Is Montreal’s Chinatown at risk of extinction?

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Is Montreal’s Chinatown at risk of extinction?

Montreal’s Chinatown is the last Chinatown in Quebec. But gentrification poses a threat to its future. This episode of Local 514 explores the gentrification of Chinatown and how this stems from systemic racism and the erasure of Chinese history in Canada.

Local 514 spoke with William Dere, activist and writer mobilizing to save Chinatown, Mei Chiu from the Chinatown Working Group, a group dedicated to sustaining the history and culture of Montreal’s Chinatown, as well as community members in Chinatown to understand their thoughts on the rapid gentrification of the area.

In the 1930s there were 25 Chinatowns in cities across Canada, today there are less than 12 remain.

There are threats of gentrification amidst developers recently buying up property in the neighbourhood pose concern for the future of Montreal’s Chinatown. However, this is not simply just gentrification, but stems from systemic racism and erasure of Chinese history in Montreal and Quebec.

The Chinese Working Group is trying to obtain heritage designation for the neighbourhood. This would allow for an economically viable approach to development, as a result, cultural heritage and the community of Chinatown would not be erased and continue to thrive. Heritage status has previously been granted in Montreal for the Old Part and Mount Royal.

The pandemic has affected the neighbourhood, as businesses have experienced anti-Asian racism, closures, and vandalism, as the area has been isolated as a result of the pandemic.

Gentrification is not something new to CT, as development has threatened the area since the 1960’s. The gentrification of Chinatown highlights the issue of the erasure of Chinese history in Canada, as Chinese immigrants notably build the Canadian Pacific Railway in the early 1880s. In the century following the railway, the Canadian government upheld systemic racism as they imposed a head tax on Chinese immigrants.

More than 15 thousand Chinese immigrants came to Canada in the early 1880s to build the most dangerous and difficult section of the Canadian Pacific Railway. They Worked in harsh conditions for little pay and they suffered greatly – it is estimated that at least 600 died working on the railway. Between 1885 and 1923, approximately 81 thousand Chinese immigrants paid the head tax, contributing millions of dollars to the federal government, collecting approximately $23 million through the head tax. This amounts to an estimated $1.2 billion in 21st century dollars. Following the Chinese head tax, Chinese immigration to Canada was completely banned. This legislation was kept in place until 1947, and its effect on Canada's Chinese community was devastating.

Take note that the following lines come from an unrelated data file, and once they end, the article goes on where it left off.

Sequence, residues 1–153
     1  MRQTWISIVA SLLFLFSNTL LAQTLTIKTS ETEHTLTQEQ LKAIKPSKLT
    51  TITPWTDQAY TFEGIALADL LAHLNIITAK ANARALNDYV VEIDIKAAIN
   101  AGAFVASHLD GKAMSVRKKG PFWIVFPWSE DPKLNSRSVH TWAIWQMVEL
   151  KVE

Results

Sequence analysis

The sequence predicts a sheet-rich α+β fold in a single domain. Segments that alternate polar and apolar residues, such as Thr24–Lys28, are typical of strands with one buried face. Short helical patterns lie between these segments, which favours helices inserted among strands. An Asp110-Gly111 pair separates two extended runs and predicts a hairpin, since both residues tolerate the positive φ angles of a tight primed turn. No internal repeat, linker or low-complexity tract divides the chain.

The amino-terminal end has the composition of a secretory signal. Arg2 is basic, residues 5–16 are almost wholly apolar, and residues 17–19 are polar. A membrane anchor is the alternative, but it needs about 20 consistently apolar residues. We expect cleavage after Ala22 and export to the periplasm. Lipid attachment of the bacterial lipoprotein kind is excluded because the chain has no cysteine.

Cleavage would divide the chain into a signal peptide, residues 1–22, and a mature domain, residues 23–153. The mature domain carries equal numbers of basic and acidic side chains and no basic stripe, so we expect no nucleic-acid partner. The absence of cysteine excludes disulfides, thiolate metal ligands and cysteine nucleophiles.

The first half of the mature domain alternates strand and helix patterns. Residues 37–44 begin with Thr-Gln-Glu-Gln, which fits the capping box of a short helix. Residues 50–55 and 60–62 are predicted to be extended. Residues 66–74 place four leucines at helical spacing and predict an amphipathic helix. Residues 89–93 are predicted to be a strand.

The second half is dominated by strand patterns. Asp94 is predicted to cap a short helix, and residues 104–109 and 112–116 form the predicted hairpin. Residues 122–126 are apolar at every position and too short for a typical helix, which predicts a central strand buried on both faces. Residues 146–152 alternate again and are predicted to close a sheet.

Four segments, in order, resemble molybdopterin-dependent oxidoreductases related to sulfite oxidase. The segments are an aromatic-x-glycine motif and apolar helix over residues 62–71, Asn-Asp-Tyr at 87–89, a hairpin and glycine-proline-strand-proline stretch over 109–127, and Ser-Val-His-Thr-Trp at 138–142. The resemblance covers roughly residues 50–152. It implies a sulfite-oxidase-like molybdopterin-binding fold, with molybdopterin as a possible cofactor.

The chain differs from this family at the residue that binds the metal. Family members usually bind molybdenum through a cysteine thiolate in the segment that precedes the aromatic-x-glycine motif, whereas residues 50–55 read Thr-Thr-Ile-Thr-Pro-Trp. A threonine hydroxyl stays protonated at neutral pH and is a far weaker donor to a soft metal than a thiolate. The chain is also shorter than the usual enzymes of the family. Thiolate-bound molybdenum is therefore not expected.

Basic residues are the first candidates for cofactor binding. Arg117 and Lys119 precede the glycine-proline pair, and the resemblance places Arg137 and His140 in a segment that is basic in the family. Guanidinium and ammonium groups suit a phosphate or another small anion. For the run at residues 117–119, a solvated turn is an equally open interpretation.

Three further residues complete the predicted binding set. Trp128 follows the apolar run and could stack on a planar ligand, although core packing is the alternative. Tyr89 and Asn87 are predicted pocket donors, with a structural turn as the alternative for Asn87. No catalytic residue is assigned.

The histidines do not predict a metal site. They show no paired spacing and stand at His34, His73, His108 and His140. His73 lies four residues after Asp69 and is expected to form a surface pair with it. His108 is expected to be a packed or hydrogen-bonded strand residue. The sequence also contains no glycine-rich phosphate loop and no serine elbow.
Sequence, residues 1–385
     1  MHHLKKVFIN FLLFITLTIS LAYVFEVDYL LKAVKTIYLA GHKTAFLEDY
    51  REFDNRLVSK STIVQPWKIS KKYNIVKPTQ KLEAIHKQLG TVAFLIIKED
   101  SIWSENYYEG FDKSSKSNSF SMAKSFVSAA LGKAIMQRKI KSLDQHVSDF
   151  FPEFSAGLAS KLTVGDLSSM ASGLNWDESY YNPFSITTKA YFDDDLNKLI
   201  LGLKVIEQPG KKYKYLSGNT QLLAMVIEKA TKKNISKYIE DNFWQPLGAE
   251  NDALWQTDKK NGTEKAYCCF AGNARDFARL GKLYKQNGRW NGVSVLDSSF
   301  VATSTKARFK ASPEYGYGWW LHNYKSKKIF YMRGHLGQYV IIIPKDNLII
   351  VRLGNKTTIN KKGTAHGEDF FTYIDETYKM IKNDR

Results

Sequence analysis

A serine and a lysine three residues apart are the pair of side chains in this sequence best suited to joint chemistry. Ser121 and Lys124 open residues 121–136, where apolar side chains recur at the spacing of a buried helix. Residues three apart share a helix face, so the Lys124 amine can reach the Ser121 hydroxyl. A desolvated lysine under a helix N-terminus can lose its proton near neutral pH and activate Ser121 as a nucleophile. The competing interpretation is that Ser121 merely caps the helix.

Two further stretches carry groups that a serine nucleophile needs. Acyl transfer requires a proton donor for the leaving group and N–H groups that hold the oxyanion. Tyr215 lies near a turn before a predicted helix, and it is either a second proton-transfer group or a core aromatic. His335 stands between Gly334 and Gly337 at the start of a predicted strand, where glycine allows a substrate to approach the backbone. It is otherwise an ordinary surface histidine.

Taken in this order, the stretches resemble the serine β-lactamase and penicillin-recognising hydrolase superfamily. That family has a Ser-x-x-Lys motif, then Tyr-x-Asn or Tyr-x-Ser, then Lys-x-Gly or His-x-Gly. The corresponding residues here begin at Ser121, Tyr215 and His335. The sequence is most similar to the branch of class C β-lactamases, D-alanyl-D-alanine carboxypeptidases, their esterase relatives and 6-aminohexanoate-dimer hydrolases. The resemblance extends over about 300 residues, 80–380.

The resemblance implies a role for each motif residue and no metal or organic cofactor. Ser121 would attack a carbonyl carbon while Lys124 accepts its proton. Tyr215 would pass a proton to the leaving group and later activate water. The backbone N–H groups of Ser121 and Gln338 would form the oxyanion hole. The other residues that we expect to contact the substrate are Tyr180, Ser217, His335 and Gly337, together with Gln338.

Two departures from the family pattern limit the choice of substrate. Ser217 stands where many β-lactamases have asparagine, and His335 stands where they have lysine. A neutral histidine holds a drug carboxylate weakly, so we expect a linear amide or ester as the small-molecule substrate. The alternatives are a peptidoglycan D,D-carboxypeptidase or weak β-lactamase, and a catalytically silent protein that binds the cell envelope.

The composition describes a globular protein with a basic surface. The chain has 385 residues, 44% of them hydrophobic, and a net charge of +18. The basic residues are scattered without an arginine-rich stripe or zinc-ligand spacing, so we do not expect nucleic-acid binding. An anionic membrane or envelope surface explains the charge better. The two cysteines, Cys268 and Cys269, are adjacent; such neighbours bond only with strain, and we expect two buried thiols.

With the municipal election less than a week away, where do political parties stand on this?

Balarama Holness, leader of Mouvement Montréal proposed a plan to strengthen zoning laws which would prevent gentrification. He wants to propose mandatory consultation with businesses and stakeholders on development processes and establish a registry for Chinatown’s small businesses which will provide rent and wage subsidies

In October, Chinatown Working Group sent a survey to Ensemble Montreal and Action Montreal regarding where they stand on issues related to gentrification and the neighbourhood. No response was provided.The Chinatown Working Group said the parties’ silence “speaks volumes.”

Mayor Valerie Plante said saving Chinatown is crucial. This summer, Projet Montreal released a plan to protect Chinatown, including improving pedestrian access to the area from the downtown, making space for more parks and green spaces, maintaining and developing social housing, supporting businesses by initiating a local merchants’ association. encouraging initiatives to generate more visitors.

Plante also wants to partner with the Quebec government to create a working group which will develop strategies to protect heritage buildings in the area. Plante does not want to halt construction that will impose gentrification according to critics, but says she intends to work with developers to respect the community

Watch the full episode to find out how community members are recommending to mobilize and save Chinatown from gentrification.





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Video Upload Date: November 3, 2021

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